Industrialization will swing urban vote back to Zanu PF – Chinamasa
Harare (New Ziana) –The industrialization program which the government of President Emmerson Mnangagwa initiated will swing the urban vote back to the revolutionary party in future elections, a senior official has said.
Zanu PF treasurer-general, Patrick Chinamasa said this on Thursday while briefing the media as senior party leaders from different provinces emerged out of State House where they had gone to congratulate President Mnangagwa on his victory and inauguration,
In the just ended harmonised elections, Zanu PF won 136 seats mostly from rural constituencies while the opposition Citizens Coalition for Change (CCC) managed 73, dominating all major urban areas where it also swept most of the available local authority seats.
Chinamasa, who was speaking on behalf of the Zanu PF Manicaland provincial leadership, said the urban vote swung to the opposition around 2000 following the collapse of industry in the country.
“As you are aware, we had support in urban areas right up to 2000 when industries were collapsed. There were no jobs for urban areas and I believe that much of their feeling against the party (Zanu PF) is arising from the lack of jobs in the cities. As you know our economy is highly informalised, we should now transform from an informal economy to an industrialized economy and I believe when we do that it will win back the urban areas,” he said.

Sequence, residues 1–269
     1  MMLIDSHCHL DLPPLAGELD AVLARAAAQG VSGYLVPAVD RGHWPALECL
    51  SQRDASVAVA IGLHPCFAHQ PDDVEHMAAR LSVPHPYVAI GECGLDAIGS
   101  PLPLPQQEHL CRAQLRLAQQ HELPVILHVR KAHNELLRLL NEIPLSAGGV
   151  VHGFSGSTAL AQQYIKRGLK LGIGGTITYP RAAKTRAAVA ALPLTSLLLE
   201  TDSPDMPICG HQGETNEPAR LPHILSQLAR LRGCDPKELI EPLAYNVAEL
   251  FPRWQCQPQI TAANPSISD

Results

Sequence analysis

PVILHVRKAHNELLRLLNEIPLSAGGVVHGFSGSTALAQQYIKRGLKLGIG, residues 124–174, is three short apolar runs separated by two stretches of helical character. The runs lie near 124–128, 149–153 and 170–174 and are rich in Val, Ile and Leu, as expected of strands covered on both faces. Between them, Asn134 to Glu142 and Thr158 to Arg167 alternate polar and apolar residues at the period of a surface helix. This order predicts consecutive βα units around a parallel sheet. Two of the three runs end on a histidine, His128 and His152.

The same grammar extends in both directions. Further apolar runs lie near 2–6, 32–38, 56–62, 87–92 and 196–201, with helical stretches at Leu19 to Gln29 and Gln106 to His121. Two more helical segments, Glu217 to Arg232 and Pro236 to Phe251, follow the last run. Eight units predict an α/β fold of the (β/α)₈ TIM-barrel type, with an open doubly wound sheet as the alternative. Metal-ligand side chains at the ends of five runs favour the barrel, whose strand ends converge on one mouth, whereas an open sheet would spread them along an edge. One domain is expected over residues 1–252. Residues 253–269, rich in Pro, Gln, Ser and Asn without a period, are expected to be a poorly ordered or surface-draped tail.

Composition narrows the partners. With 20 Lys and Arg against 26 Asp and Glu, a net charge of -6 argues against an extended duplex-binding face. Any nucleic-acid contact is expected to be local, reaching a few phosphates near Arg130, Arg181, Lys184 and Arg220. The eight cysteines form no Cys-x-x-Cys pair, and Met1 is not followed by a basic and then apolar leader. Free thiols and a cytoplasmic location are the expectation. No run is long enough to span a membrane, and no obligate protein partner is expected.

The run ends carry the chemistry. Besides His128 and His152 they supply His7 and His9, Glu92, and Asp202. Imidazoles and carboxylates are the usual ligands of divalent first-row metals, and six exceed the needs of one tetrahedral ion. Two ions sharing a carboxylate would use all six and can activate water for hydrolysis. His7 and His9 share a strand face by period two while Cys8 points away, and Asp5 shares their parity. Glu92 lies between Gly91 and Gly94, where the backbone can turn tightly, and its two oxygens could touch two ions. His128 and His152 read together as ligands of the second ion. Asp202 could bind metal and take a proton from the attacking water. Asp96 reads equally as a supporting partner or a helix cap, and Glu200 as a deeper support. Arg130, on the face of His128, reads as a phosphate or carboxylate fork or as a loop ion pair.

He said President Mnangagwa had now adopted the industrialization strategy and recently banned the export of some minerals to promote value addition and help create urban jobs.
The Manicaland ruling party leadership had taken the opportunity to discuss the achievements of the province, which include winning 21 out of the 27 available Parliamentary seats in the general elections, he explained.
It also discussed the developmental challenges facing the province after Cyclone Idai struck the country causing devastation in the Eastern Highlands, which compelled the government to divert resources towards big road construction from dam and irrigation developments that were supposed to have been completed during the first term of the Second Republic.
Speaking at the same occasion, Zanu PF Harare Metropolitan province chairperson Godwills Masimirembwa said they also faced challenges with the urban vote winning only four out of the thirty available Parliamentary seats and five local government seats.
Masimirembwa however felt that the party’s performance had improved in the province.
“We got four seats, What is critical for us is we got three from the opposition. We had only one in 2018, now we have four, so we are continuing to take from them. We had only one councillor, now we have five councillors in Harare municipality.”
Mashonaland East province, which garnered the second highest tally of votes for President Mnangagwa after Mashonaland Central, was upbeat and believed the President had played a key role in the province’s performance, citing completed projects in the nine administrative districts.
These include the Rwenya River Bridge and gold processing plant in Mudzi, Mutoko Secondary boarding school and the tomato processing plant in Mutoko, the Murehwa Registry and five blocks of flats in Uzumba-Maramba-Pfungwe among other projects.
“He is so happy that we voted tremendously well as a province,” said party provincial chairperson, Daniel Garwe.
Other delegations which paid courtesy calls to congratulate President Mnangagwa came from Mashonaland West, which had the third highest number of votes for the President, the Bulawayo Metropolitan province and the Zanu PF Youth League.